This, above all:

This, above all: To be God's best for The Coach and for Anna

Tuesday, July 18, 2006

Battle of the Katipuneros

My two beloved alma maters slugged it out at the Ninoy Aquino stadium last Sunday. Either way I'd win. But when it comes to the hardcourt, I'm a Maroon. (I'm an Eagle only in the moot court.)

I should feel bad we lost. But it's hard to be morose because my boys fought well, as well as they could given the breaks of the game and terrible refereeing (and, no, I'm not just saying that; The Coach just finished splicing the videotapes of the game to ferret out the too many bad calls on UP).

Binondo bettors had given our boys an advantage +4 margin, underscoring yet again the stark 3-inch differential between the two teams. My classmate at the Ateneo nicknamed our team the UP Midgets. He’s an RTC judge: who am I to tell His Honor to get lost?

The refs gave our boys a hard time. We were losing players, fast. Coach Joe Lipa wrung his hands in frustration. “Jerry!” he barked, calling out to the Maroons support staff handing out towels to the players evicted from the game. "Ikaw na nga ang maglaro! Inubos na nila players natin!”

The refs gave Ateneo an all-time high 49 free throws and slammed on UP a record 8 or so calls on traveling. Three or so years ago, DLSU Coach Franz Pumaren stormed the UAAP Commissioner’s office because the refs gave the opposing team 39 free throws—almost statistically improbable. And now the refs gave the Eagles 49 free throws? It meant Ateneo had to work for only a measly 50 points to win.

UP edged out Ateneo in other areas—rebounding, assists, two- and three-pointers. The game, alas, was decided on the free throws.

The Coach is careful not to give in to the conspiracy theories floating about; he’d rather think the refs were simply not trained well, pointing out that there were also a few (only a few!) bad calls on Ateneo. Others, however, unabashedly made connections between the timing and quality of the calls to the +4 betting in Binondo.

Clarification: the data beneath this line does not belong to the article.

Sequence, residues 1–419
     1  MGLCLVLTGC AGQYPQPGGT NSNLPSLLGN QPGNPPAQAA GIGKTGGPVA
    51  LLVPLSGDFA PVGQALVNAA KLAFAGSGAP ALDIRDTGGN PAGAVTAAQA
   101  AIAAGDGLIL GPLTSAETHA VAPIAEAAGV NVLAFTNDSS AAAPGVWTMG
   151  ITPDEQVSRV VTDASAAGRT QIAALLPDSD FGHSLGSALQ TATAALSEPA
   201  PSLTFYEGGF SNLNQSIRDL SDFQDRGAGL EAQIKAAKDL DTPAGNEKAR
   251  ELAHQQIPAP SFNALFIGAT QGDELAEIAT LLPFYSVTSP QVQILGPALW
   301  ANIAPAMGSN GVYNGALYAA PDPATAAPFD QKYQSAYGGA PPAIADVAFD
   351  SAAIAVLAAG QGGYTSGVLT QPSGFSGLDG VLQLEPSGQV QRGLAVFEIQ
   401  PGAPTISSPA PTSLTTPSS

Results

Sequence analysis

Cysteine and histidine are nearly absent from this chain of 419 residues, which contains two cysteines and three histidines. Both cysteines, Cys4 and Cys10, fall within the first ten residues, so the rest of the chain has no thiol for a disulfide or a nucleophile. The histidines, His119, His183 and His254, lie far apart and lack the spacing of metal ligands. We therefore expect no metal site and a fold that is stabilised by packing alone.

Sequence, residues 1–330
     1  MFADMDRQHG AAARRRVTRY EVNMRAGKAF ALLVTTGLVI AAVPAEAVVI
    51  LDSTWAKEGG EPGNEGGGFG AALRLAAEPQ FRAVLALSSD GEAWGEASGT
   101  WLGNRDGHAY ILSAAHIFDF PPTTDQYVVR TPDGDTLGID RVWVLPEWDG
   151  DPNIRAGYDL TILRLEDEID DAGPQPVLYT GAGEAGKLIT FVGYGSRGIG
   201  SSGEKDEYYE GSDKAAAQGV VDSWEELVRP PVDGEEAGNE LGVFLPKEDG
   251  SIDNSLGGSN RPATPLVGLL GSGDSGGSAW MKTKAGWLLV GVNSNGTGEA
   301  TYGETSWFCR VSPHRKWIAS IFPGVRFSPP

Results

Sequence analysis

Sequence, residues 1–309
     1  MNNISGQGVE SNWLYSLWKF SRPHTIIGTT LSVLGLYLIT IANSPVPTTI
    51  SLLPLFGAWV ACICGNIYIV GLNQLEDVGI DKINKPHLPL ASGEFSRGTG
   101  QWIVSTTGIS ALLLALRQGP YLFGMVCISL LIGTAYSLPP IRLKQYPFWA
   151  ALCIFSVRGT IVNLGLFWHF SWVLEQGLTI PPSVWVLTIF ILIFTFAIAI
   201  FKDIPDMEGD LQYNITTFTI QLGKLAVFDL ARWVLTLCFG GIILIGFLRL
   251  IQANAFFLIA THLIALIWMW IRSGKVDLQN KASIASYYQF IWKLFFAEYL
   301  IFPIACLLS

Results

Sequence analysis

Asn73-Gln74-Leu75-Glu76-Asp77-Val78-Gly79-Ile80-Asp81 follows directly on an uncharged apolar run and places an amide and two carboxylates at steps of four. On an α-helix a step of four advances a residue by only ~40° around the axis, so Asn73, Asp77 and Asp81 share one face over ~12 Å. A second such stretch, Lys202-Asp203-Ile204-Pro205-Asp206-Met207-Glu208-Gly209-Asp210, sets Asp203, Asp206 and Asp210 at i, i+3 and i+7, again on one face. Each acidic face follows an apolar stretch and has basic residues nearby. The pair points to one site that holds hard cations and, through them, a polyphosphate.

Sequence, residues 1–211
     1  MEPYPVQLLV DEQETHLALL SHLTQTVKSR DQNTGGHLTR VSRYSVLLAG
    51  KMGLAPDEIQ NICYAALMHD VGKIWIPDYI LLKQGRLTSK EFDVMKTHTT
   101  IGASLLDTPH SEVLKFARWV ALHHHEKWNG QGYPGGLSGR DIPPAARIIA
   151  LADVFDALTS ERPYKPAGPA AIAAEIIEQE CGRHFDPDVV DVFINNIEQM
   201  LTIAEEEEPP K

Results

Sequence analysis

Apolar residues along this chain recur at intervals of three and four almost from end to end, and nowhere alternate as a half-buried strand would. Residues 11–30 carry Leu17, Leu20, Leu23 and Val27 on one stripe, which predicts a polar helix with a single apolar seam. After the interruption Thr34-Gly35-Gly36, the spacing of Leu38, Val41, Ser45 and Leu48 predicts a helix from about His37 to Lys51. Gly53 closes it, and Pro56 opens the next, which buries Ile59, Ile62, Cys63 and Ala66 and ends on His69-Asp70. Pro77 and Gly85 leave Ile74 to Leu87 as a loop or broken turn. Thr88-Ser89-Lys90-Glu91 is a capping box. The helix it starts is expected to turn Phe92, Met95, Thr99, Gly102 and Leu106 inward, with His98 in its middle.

The Peyups forum, as expected, is crammed with catcalls and cussing, in which I am tempted to join if not for The Coach’s equanimity about the loss. The Coach knows they still have to work out some of the Maroons’ bad decisions, like not boxing out, and acknowledges the team’s youth. But he is proud of his boys’ hustle, of Galen Cacha, who was just pulled out from the Intrams and started learning how to play only six months ago, yet became a rebounding force. (I think I heard The Coach or someone call him Cacha Gotcha. Never mind that Cacha missed 8 free throws.)

The past two-and-a-half days, The Coach wore down our VHS, playing and rewinding by the microsecond the UP-Ateneo game, checking for flaws in the refereeing, as well in the UP play. I told him my heart was breaking listening to the endless rewinding of our loss, and he said, “Why? We fought a good fight.”

Big hearts, big fight. What more could a fan want?


* Picture of the basketball hoop is not mine. Caught it in one of my trawling trips but, regrettably, can't remember from whose site I borrowed it.

2 comments:

ayen said...

haaaay. i miss watching the games tuloy. very inspiring read, janet. start to end, full of heart. :D

janet said...

Ayen! Nood ka naman. Sama tayo, lika. Sa Ninoy Aquino Stadium. Game uli this Sunday. Versus FEU, I think. Yikes. Power team ang FEU eh.